By Chad Ingram
Published Jan. 12 2017
Haliburton County received significant snowfall in December and so far that snowfall has been continuing into the New Year.
What happens within municipal roads departments when the community gets a dumping of the white stuff? The paper asked local roads superintendents to explain the process.
All municipal roadways are maintained under the province’s Minimum Maintenance Standards (MMS) for Municipal Highways which are based on traffic volume and speed limits.
“The busier county roads have greater priority and are treated predominantly with salt and according to conditions” county roads director Craig Douglas wrote in an email to the paper. “[They] are all paved roads which we want to return to bare pavement as soon as possible.”
These busier roads include County Road 21 County Road 121 and County Road 503 as well as parts of County Roads 1 3 6 7 16 and 648.
“As a road’s traffic volume or posted speed limit decreases the road is sanded only and we anticipate the road to remain predominantly snow-packed” Douglas wrote.
At the county level roads staff are scheduled for morning or afternoon/evening shifts Monday through Friday. During weekends staff must be called in.
“Using the MMS as the standard and working closely with the bus lines we are able to prioritize routes to ensure roads are opened up in a safe and timely manner” wrote Minden Hills roads superintendent Travis Wilson. “The township maintains County Road 2 and County 20 for the county in the winter months only. This is a cost saving operation for the township and the county as we drive both county roads to maintain our township roads. Typically you will see all ‘through’ roads and school bus routes plowed and sanded first.”
Most Minden Hills roads are Class 4 and 5 meaning they are cleared once snow accumulation has reached eight to 10 centimetres.
“With that being said plowing generally begins once the storm has ended” Wilson wrote. In-town maintenance in Minden typically begins at 4 a.m. with operations on other roads starting at 5:30 a.m. Drivers are typically done their routes by 2 p.m. or so.
“If a storm is heavy and continues throughout the afternoon operators will continue plowing as required” Wilson wrote.
During the weekends Wilson and his lead hand alternate along with one other staffer ready to go to work if necessary.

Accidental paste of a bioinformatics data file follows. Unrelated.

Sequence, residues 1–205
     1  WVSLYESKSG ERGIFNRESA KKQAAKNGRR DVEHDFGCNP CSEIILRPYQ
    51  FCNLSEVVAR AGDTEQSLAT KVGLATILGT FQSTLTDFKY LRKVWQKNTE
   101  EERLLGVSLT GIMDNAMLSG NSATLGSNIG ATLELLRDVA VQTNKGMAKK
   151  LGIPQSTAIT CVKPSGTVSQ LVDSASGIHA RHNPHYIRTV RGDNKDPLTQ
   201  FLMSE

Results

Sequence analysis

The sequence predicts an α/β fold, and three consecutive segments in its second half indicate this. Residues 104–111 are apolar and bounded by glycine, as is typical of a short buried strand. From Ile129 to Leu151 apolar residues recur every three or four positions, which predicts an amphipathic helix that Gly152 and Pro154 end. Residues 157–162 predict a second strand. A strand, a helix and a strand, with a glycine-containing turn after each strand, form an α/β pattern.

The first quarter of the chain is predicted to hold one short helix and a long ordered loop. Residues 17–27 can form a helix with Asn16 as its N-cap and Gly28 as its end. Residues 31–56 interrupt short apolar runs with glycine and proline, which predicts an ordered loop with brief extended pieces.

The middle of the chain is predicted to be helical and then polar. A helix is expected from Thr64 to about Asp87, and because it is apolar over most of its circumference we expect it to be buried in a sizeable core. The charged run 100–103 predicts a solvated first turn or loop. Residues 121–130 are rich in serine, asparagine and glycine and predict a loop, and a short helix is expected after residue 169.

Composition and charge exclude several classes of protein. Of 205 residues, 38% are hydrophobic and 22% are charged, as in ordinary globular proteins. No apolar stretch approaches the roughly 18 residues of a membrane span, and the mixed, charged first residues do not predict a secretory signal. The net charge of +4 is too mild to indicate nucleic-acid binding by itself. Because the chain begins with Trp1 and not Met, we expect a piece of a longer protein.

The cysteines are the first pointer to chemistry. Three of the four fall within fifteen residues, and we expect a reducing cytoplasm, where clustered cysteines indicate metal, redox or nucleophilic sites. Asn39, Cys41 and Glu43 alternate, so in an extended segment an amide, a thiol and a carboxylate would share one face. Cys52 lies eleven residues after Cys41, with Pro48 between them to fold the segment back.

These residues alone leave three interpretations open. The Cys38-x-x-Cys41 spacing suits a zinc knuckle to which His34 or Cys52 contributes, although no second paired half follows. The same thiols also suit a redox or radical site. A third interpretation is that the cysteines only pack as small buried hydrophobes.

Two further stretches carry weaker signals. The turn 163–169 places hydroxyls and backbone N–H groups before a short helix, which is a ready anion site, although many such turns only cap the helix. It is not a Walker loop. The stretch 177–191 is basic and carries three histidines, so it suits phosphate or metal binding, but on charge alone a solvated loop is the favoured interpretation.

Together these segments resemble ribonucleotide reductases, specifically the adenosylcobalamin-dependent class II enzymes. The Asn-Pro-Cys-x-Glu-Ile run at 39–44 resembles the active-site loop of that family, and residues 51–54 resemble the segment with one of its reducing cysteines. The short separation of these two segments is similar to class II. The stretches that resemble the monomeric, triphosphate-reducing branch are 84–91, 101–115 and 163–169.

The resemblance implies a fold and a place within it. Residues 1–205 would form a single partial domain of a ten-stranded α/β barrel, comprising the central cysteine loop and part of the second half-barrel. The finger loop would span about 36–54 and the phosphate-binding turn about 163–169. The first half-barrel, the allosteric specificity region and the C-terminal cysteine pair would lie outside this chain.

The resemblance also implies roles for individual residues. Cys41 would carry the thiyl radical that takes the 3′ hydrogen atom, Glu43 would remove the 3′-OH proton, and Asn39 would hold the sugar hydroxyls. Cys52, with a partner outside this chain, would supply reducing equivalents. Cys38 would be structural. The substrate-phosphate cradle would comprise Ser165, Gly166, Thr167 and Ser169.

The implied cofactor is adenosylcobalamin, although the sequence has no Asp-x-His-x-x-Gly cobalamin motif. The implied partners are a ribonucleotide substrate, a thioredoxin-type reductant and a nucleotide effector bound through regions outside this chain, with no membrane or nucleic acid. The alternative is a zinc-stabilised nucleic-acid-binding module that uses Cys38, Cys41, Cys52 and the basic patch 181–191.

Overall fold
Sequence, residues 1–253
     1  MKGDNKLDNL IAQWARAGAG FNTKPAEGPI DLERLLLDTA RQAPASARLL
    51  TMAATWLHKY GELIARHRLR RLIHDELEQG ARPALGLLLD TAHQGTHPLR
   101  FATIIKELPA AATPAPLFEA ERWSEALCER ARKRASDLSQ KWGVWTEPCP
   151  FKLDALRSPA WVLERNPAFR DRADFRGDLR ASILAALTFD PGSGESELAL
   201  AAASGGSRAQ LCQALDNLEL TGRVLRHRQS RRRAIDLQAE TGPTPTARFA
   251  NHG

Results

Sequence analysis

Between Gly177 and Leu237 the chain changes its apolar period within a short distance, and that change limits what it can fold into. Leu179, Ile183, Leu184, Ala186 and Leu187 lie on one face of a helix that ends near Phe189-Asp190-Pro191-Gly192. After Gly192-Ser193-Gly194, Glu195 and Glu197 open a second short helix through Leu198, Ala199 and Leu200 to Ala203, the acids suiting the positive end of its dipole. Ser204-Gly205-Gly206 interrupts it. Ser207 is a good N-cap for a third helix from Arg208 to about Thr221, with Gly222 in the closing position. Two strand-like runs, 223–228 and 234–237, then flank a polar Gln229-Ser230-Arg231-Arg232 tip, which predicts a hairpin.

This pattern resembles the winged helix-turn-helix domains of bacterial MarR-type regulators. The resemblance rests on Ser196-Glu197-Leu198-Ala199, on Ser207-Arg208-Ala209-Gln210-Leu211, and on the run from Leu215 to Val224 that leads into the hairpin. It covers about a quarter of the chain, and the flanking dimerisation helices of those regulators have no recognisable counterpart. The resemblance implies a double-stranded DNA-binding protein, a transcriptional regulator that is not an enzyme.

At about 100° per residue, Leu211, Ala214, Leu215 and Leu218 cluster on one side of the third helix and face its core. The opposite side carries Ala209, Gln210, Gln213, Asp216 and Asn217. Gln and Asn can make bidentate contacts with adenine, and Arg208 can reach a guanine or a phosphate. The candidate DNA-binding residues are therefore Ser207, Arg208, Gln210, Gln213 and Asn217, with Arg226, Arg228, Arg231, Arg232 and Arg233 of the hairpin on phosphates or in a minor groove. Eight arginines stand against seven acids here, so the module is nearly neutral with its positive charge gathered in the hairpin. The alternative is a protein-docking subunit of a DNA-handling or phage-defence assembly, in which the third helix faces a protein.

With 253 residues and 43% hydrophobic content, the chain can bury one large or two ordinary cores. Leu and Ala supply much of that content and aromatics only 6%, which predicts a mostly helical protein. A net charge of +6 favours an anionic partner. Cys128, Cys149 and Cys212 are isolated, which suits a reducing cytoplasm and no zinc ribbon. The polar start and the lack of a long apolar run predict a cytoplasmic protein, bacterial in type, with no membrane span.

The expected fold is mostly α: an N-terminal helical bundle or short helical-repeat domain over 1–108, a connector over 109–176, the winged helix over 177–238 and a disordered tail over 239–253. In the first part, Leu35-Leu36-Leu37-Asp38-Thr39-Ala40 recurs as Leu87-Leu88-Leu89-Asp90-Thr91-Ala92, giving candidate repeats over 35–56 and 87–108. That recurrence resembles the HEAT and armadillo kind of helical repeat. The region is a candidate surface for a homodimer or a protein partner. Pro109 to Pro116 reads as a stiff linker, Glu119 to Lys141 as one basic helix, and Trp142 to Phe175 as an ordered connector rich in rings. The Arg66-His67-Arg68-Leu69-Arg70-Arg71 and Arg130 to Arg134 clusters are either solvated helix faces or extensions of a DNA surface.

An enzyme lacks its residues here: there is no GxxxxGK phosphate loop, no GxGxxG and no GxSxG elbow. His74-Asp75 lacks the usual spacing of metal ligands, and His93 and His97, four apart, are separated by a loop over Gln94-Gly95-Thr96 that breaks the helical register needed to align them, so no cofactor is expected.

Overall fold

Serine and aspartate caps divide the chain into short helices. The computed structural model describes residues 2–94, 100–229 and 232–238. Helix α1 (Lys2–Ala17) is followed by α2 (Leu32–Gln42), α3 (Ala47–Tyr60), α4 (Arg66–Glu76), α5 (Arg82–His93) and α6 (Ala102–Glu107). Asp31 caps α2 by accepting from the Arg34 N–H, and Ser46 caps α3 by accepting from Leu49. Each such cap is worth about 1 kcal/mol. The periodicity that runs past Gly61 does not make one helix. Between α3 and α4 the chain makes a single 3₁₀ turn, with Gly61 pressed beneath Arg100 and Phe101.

“That being said our staff are very diligent in checking the weather regularly and knowing that if it snows they will be out plowing” he wrote. “Staff that know they won’t be available on a weekend will give advance notice so that we have time to make other arrangements to cover their route.”
“During either a regular snow event where plowing is required or a day where just sanding is needed staff will usually follow a specified route” wrote public works director Mike Thomas. “Following a specified route not only keeps everything flowing smoothly but also helps the public get used to what time they can expect that their road will be taken care of.”
Algonquin Highlands’ road network is divided into six main routes.
“These six routes cover an area from Carnarvon in the south all the way up to Oxtongue in the north” Thomas wrote. “All roads within the Township of Algonquin Highlands receive the same attention with the exception of when we sometimes experience a heavy snowfall later in the day. When this happens staff will concentrate on roads that have a higher traffic volume and/or roads that would be harder to navigate with a higher accumulation of snow.”
In Algonquin Highlands staffing works the same on weekends as it does weekdays.
“Weekends are treated the same as a regular day through the week with the same number of staff” Thomas wrote. “If we experience a snowstorm on a Friday night we will be out there first thing Saturday morning as we don’t have staff working through the night. During a freezing rain event staff will respond as soon as possible.”
The public works department also performs winter maintenance at Stanhope Airport church parking areas community centres public parking lots as well as the township’s outdoor skating rinks.
The roads superintendents remind residents to always drive according to conditions.
“We can’t say this enough drivers need to slow down and drive according to conditions and be patient with roads staff trying to keep roads safe for all” Douglas wrote. “Please keep in mind that plow trucks need to clear out the centre of the road so when faced with an oncoming plow please slow down and yield plenty of room.”
Wilson reminds residents how quickly snow-packed roads can turn to ice after rainfall.
“It seems that we haven’t had a stretch longer than 12 days where we haven’t received a significant rain event” he wrote. “I cannot stress enough that during these events everybody should practise using more patience. During rain events snow-packed roads (which make up close to 95 per cent of the Minden Hills roads network) will turn to a sheet of ice. During these events plow operators will install tire chains on their trucks to help provide traction. It is just as unsafe for our plow trucks to speed as it is for any other driver so a route that typically takes eight hours to complete may take nine or 10 plus hours.
“A lot of people believe that during rain events we can apply sand to a road and instantly create traction” Wilson continued. “While sand will add some traction it will be washed away if a rain event continues. It can take several days and snow accumulation to get roads back to a more safe snow-packed state.”
Wilson commended the Minden Hills roads department staff and other local departments for the job they’ve been doing during what he called a fairly aggressive start to this year’s winter.